Zimbabwe’s government will offer land as compensation for 800 farms it seized under its land acquisition policy since 2000, according to regulations published this week.
Under former President Robert Mugabe, Zimbabwe took some 5 000 farms, mostly from white farmers, saying the policy was meant to address colonial imbalances. The land seizures triggered economic collapse.
The southern African country’s new Constitution, agreed with the opposition in 2013, provides for compensation of farmers whose land was seized by the state. Zimbabwe’s economic woes mean it has struggled to pay them.
It set aside US$17.5 million in its 2019 budget and a further 380 million Zimbabwe dollars (£16.6 million) for the same purpose this year. The former farmers demand US$7 billion in compensation, according to a committee representing them in negotiations with government.
In a change of approach, the government of President Emmerson Mnangagwa, who replaced Mugabe after a coup in 2017, is offering some dispossessed farmers land as compensation, according to the regulations.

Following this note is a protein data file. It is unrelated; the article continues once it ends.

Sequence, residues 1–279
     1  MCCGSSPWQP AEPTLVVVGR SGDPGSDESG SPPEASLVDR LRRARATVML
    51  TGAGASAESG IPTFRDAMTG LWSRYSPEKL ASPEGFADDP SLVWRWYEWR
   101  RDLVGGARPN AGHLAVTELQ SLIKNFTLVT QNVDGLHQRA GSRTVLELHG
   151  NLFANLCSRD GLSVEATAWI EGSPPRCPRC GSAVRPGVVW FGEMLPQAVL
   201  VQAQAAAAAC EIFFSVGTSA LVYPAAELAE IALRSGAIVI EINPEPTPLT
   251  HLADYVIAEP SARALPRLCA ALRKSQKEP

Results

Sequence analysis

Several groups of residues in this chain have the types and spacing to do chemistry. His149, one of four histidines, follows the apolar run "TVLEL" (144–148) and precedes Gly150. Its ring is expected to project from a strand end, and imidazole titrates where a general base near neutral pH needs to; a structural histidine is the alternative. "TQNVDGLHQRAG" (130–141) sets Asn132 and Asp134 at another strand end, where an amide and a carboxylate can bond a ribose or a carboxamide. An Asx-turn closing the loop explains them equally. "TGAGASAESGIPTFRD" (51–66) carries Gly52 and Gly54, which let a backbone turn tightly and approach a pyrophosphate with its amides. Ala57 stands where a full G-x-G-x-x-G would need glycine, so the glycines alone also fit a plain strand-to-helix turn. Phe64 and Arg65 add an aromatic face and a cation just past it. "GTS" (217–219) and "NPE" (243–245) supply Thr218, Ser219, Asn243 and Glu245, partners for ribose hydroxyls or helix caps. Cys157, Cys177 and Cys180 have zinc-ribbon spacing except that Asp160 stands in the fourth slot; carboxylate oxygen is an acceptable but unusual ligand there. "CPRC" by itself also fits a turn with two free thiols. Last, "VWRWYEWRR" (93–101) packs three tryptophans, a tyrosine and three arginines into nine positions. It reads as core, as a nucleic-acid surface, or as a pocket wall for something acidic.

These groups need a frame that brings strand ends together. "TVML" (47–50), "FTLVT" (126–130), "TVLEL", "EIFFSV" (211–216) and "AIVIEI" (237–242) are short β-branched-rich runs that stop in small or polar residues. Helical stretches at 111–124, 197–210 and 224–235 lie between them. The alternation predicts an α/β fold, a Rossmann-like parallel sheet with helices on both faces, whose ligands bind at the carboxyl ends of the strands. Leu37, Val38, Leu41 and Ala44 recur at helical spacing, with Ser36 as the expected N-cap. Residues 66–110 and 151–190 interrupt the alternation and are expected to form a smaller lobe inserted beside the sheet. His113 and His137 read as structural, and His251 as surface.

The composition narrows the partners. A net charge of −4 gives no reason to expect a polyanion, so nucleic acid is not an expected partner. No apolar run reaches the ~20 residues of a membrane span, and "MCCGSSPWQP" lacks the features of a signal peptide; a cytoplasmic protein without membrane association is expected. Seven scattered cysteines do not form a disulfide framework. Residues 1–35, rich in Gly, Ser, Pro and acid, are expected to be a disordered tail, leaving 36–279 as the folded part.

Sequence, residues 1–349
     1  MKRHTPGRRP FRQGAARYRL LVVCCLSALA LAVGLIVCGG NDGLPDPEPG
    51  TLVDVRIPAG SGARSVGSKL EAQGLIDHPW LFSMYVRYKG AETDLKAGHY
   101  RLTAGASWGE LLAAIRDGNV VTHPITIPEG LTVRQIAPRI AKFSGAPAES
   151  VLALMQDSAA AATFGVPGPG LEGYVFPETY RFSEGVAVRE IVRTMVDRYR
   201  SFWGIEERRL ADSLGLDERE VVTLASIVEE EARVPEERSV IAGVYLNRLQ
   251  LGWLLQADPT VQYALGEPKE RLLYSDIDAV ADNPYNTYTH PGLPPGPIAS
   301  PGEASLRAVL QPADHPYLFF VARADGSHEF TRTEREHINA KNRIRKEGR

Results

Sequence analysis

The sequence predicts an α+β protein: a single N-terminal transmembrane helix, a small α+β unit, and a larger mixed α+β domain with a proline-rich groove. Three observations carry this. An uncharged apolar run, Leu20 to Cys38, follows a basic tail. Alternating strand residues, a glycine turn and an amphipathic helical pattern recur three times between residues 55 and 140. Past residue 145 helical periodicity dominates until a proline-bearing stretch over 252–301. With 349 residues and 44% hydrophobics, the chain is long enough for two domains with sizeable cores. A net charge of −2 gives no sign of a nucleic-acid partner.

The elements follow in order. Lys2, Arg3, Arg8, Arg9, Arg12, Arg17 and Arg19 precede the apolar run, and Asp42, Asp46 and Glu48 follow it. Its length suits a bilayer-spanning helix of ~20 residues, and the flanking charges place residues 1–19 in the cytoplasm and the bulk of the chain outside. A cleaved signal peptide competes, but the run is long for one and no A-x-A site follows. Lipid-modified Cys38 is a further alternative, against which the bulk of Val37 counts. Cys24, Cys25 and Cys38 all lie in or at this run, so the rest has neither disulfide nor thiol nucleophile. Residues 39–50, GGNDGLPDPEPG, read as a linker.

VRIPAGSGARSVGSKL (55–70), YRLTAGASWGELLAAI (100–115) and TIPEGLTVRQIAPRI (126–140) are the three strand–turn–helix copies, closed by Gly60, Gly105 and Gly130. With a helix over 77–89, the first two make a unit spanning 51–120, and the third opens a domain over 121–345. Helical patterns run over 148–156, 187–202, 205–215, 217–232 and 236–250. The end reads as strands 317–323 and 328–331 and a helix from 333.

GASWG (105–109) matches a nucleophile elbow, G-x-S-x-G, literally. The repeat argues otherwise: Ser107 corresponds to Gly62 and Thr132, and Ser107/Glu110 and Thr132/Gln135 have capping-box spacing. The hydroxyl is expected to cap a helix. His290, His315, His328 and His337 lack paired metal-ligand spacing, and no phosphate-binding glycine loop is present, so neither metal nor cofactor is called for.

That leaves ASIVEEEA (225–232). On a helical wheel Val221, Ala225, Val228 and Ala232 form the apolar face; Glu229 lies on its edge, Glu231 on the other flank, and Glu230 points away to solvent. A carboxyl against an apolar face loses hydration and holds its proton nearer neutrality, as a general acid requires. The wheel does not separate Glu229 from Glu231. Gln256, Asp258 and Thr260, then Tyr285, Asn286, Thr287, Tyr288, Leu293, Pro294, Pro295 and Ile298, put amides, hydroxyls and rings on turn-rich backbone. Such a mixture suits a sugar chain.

Dispossessed farmers covered in the land compensation scheme are citizens of countries with bilateral investment agreements with Zimbabwe, as well as black Zimbabwean commercial farmers who lost their farms.
The countries include former colonial ruler Britain, South Africa, Germany, Denmark, the Netherlands and Switzerland, all of which had significant numbers of farmers in Zimbabwe.
It is not yet known whether the farmers will accept the offer.
In 2015, the International Centre for Settlement of Investment Disputes, part of the World Bank group, ordered Zimbabwe to pay US$196 million compensation to a Swiss-German family whose farm was seized by government.
Zimbabwe lost a bid to have the compensation award annulled in 2018.
Zimbabwe’s government is in talks with white Zimbabwean farmers on compensation for the loss of farms.